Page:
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Can You Be Both a Growth and a Value Investor?

Growth and value investing are two types of investing styles, each with strong proponents and opponents… but can you be both a growth and value investor? The short answer is yes.

Warren Buffett, perhaps the investment industry’s most devout value investor, has lamented more than once that his investment discipline did not allow him to purchase Apple or Amazon in the company’s early days.

Looking at his decades of success, Buffett has not and is never likely to change his value regimen.

However, he may have somewhat tempered his position over time, opportunistically adding historically growth character stocks to his portfolio when their price was low. Once when confronted about the presence of growth stocks in his fund he responded, “Growth and value are joined at the hip.”

Yes, You Can Be Both a Growth and a Value Investor

The majority of professional equity managers would not label themselves as applying exclusively growth or value fundamentals to selecting equity portfolio holdings. 

Almost all equity managers have a leaning to one style or the other but may invest in both growth and value stocks, which means that the resulting portfolios are generally representative of the overall market and have no intentional style bias.

Thus, the portfolios are labelled by equity style analysts as “neutral.” The individual holdings do not combine growth and value criteria but rather, may be selected independently for their growth or value characteristics.

Style neutral equity portfolios tend to track very closely to the benchmark index (e.g. TSX 300). In fact these investment managers are often labelled “closet-indexers,” especially where portfolios are not focused, holding a broad representation of the market.

Neutral Equity Management Style Validated

Over the past two decades, the major equity market index providers MSCI, S&P Dow Jones, FTSE Russell and Morningstar have all developed specific style indices by which to benchmark style-specific equity managers.

At a minimum, the broad equity market is allocated to Growth, Value and Neutral Indices.

Stock in these indices are re-allocated on a regular basis, as when a previous high growth company matures and becomes a slower growth company it takes on a more value profile.

Growth at a Reasonable Price (GARP)

There are also equity managers who adhere to a specific stock selection process that simultaneously applies a combination of growth and value criteria.

This stock selection process known as “Growth at a Reasonable Price” (GARP) focuses on growth companies, but with an awareness of value indicators. Or, the reverse—it looks for value stocks that also have the potential for earnings growth.

In other words, GARP investors are looking for companies that combine the best growth and value criteria. They seek to invest in stocks that show consistent earnings growth above broad market levels while excluding companies that have very high valuations.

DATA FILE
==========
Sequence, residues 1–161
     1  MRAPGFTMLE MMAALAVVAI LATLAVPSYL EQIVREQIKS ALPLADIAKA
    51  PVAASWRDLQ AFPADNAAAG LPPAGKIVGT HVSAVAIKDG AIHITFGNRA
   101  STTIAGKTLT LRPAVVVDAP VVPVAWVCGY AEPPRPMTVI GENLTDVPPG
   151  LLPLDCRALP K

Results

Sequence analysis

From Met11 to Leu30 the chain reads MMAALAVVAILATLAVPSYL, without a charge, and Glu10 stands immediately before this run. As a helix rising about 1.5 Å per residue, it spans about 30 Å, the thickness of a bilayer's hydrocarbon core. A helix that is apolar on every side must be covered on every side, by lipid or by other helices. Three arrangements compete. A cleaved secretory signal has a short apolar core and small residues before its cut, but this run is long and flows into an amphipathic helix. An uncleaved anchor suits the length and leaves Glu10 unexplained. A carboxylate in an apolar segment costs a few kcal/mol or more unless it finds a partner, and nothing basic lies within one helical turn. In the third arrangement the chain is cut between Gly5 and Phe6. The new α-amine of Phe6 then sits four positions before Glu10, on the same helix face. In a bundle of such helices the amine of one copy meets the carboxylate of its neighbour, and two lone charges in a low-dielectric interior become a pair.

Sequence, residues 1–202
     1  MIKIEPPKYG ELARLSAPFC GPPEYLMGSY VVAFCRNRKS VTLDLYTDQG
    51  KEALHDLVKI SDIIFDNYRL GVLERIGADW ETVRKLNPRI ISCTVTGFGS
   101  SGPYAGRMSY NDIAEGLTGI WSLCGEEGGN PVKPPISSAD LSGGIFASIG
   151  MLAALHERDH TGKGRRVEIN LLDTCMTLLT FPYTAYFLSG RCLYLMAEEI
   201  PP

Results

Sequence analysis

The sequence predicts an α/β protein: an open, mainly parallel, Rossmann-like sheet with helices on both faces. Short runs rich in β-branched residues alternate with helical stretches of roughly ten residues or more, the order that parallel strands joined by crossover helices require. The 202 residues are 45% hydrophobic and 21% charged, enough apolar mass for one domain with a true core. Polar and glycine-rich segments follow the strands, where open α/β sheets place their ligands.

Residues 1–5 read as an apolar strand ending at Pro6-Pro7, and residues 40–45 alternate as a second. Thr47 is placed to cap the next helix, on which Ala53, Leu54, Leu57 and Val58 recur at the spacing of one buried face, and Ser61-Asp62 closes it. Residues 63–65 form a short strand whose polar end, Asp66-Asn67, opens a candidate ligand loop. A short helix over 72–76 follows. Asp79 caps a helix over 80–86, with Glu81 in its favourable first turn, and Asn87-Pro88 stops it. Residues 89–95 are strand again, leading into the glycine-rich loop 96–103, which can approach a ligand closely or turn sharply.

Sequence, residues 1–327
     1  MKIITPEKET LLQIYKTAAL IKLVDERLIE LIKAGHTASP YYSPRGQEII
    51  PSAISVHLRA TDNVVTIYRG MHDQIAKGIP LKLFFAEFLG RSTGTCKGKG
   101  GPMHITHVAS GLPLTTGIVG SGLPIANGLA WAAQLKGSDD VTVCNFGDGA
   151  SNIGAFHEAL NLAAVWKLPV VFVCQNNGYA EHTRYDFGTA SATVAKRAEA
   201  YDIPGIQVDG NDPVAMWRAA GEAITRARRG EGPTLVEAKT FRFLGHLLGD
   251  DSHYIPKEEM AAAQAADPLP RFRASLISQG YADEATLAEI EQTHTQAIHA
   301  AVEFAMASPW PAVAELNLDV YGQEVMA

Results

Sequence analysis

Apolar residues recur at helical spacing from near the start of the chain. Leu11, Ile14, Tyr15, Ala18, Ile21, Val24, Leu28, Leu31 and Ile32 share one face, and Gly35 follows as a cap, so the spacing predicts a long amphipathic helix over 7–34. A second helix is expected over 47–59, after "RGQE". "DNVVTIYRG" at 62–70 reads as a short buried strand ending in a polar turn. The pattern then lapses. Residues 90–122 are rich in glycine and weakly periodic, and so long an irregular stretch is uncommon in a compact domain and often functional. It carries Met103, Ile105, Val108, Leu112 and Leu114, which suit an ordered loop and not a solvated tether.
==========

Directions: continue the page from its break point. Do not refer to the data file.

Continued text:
As outlined in our previous Growth vs. Value article, value managers typically hold lower P/E (Price to Earnings) stocks while growth managers will hold much higher P/E stocks. Looking for the best of both worlds, GARP investors employ the PEG ratio: PE/G.

The PEG shows the ratio between a company’s Price to Earnings ratio (valuation) and its expected earnings growth rate (G) over the next several years. A GARP Investor looks for stocks with a PEG of 1 or less, indicating the stock is trading at a reasonable price.

Using the GARP approach:

  • widens the investible universe of potential investments compared to either strict value or growth investing;
  • contributes to investors enjoying a more predictable return throughout different market cycles; and
  • in a stock market downturn, one could expect the return of GARP investors to be higher than those of pure growth investors but subpar to strict value investors (and vice versa in a market upturn).

Peter Lynch, a long-time mutual fund manager at Fidelity Investments, famously said, “Selling your winners and holding your losers is like cutting the flowers and watering the weeds.” In others words, hold on to your best performing stocks and sell your worst performing stocks. A strict adherence to growth or value investing may not allow this, whereas GARP does.

Where do Dividend Investors Fit In?

The most successful equity investors in the world have employed numerous equity styles and have all achieved solid performance over the years. The commonality to all their success? Strict adherence to their investment acumen and long term investing.

Dividend investors can find opportunities by employing all three investment styles, GARP, Growth and Value as they invest for the long term.

This content is provided for general informational purposes only and does not constitute financial, investment, tax, legal or accounting advice nor does it constitute an offer or solicitation to buy or sell any securities referred to. Individual circumstances and current events are critical to sound investment planning; anyone wishing to act on this content should consult with his or her financial partner or advisor.

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